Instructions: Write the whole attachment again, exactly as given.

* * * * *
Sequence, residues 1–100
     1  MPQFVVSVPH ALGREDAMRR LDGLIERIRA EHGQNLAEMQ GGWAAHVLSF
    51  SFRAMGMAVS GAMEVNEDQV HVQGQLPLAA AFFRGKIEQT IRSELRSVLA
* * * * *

Sequence, residues 1–100
     1  MPQFVVSVPH ALGREDAMRR LDGLIERIRA EHGQNLAEMQ GGWAAHVLSF
    51  SFRAMGMAVS GAMEVNEDQV HVQGQLPLAA AFFRGKIEQT IRSELRSVLA